The inland taipan is the world's most venomous snake. However, little is known about the neuromuscular activity of the venom or paradoxin (PDX), a presynaptic neurotoxin from the venom. Venom (10microg/ml) and PDX (65nM) abolished indirect twitches of the chick biventer cervicis and mouse phrenic nerve diaphragm preparations. The time to 90% inhibition by PDX was significantly increased by replacing Ca(2+) (2.5mM) in the physiological solution with Sr(2+) (10mM). In the biventer cervicis muscle, venom (10microg/ml), but not PDX (65nM), significantly inhibited responses to ACh (1mM) and carbachol (20microM), but not KCl (40mM). In the mouse diaphragm (low Ca(2+); room temperature), the inhibitory effect of PDX (6.5nM) was delayed and a transient increase (746+/-64%; n=5) of contractions observed. In intracellular recording experiments using the mouse hemidiaphragm, PDX (6.5-65nM) significantly increased quantal content and miniature endplate potential frequency prior to blocking evoked release of acetylcholine. In extracellular recording experiments using the mouse triangularis sterni, PDX (2.2-65nM) significantly inhibited the voltage-dependent K(+), but not Na(+), waveform. In patch clamp experiments using B82 mouse fibroblasts stably transfected with rKv 1.2, PDX (22nM; n=3) had no significant effect on currents evoked by 10mV step depolarisations from -60 to +20mV. PDX exhibits all the pharmacology associated with beta-neurotoxins, and appears to be one of the most potent, if not the most potent beta-neurotoxin yet discovered.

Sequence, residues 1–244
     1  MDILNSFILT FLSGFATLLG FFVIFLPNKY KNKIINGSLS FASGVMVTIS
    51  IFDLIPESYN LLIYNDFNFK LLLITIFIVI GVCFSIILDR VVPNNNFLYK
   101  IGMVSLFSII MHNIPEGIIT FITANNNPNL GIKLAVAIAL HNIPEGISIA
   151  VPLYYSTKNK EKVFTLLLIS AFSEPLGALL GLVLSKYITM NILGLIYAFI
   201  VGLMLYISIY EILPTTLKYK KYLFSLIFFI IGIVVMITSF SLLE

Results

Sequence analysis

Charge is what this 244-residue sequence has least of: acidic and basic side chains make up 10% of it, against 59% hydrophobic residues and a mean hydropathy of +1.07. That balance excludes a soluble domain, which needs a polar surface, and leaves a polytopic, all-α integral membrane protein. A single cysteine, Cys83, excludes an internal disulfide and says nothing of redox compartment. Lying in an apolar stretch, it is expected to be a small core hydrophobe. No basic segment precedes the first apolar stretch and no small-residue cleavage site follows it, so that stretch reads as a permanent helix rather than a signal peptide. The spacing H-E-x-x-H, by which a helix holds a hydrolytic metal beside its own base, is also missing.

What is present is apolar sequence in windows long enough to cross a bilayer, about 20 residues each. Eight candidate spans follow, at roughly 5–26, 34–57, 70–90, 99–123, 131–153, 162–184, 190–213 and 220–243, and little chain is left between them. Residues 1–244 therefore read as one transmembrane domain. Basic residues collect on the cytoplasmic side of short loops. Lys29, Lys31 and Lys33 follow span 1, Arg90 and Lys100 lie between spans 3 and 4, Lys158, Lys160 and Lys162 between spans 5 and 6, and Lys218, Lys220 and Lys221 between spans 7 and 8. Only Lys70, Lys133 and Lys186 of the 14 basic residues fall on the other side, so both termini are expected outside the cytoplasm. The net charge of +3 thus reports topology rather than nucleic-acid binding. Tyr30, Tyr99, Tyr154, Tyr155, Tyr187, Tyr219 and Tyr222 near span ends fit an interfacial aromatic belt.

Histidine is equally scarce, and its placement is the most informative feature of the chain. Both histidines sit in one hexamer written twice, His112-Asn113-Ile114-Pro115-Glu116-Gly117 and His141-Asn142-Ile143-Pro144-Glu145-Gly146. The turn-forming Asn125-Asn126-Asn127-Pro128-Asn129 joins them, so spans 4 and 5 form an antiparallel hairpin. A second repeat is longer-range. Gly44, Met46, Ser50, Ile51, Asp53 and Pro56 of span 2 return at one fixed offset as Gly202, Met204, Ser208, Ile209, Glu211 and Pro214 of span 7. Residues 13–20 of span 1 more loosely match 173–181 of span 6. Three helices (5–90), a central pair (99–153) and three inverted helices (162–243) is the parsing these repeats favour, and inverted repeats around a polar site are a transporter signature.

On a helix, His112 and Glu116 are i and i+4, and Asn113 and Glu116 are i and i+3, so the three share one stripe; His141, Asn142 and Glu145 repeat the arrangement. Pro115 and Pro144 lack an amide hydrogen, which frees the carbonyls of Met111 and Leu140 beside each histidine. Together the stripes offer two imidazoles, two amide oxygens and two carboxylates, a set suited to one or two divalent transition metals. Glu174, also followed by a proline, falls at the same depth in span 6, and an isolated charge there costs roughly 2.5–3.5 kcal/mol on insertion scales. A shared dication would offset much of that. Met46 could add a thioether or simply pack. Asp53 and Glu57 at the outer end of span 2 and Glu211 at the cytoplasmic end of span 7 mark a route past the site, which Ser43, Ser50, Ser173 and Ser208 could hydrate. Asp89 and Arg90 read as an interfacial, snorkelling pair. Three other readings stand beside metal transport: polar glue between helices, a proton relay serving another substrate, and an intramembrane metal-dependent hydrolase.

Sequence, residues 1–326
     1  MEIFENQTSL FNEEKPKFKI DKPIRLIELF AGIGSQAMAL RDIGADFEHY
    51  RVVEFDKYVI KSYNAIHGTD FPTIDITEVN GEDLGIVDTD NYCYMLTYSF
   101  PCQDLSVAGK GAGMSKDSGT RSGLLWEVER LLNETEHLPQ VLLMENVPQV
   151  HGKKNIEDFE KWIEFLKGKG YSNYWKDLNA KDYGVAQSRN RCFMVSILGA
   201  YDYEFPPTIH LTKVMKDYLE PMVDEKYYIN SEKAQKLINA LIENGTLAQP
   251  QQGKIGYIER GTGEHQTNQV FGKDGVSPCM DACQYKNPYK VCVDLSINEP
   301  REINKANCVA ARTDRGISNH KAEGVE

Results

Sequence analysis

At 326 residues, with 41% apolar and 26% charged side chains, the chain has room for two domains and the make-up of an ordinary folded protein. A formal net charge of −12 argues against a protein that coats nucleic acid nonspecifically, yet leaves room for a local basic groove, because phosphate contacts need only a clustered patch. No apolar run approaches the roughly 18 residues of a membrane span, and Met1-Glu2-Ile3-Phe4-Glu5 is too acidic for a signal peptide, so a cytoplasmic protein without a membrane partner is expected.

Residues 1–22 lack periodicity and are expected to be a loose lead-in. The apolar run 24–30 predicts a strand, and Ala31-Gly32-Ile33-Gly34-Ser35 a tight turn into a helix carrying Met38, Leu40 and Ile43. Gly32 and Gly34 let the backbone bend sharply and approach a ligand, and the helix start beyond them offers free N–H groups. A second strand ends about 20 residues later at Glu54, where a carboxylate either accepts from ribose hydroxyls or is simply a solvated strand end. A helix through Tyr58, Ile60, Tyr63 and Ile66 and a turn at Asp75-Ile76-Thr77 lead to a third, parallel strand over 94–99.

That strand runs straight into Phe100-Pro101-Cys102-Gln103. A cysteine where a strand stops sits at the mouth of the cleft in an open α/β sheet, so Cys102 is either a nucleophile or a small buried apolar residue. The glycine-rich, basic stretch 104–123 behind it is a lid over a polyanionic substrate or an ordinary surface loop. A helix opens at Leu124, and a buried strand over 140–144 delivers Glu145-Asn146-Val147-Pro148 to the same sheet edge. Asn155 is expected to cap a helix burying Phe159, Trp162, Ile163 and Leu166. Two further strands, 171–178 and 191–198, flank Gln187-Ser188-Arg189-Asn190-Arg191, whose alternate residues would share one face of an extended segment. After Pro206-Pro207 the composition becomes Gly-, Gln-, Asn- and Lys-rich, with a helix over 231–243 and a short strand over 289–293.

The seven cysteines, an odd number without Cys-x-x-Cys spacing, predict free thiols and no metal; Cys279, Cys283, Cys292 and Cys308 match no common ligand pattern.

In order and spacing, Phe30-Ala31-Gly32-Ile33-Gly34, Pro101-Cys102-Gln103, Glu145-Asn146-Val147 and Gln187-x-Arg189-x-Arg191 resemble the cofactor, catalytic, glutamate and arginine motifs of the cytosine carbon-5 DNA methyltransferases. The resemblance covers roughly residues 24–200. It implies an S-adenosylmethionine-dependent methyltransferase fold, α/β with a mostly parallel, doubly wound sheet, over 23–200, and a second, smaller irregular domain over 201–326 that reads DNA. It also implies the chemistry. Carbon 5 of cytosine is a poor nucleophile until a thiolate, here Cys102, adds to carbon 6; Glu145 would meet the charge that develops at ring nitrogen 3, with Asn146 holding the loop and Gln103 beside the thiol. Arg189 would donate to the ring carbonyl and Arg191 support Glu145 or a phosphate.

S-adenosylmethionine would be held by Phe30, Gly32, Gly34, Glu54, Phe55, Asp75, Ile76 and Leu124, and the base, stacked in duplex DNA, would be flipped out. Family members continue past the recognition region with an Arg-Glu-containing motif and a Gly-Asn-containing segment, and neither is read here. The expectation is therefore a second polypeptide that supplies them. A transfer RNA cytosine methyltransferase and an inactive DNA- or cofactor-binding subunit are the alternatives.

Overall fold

- neuromuscular transmission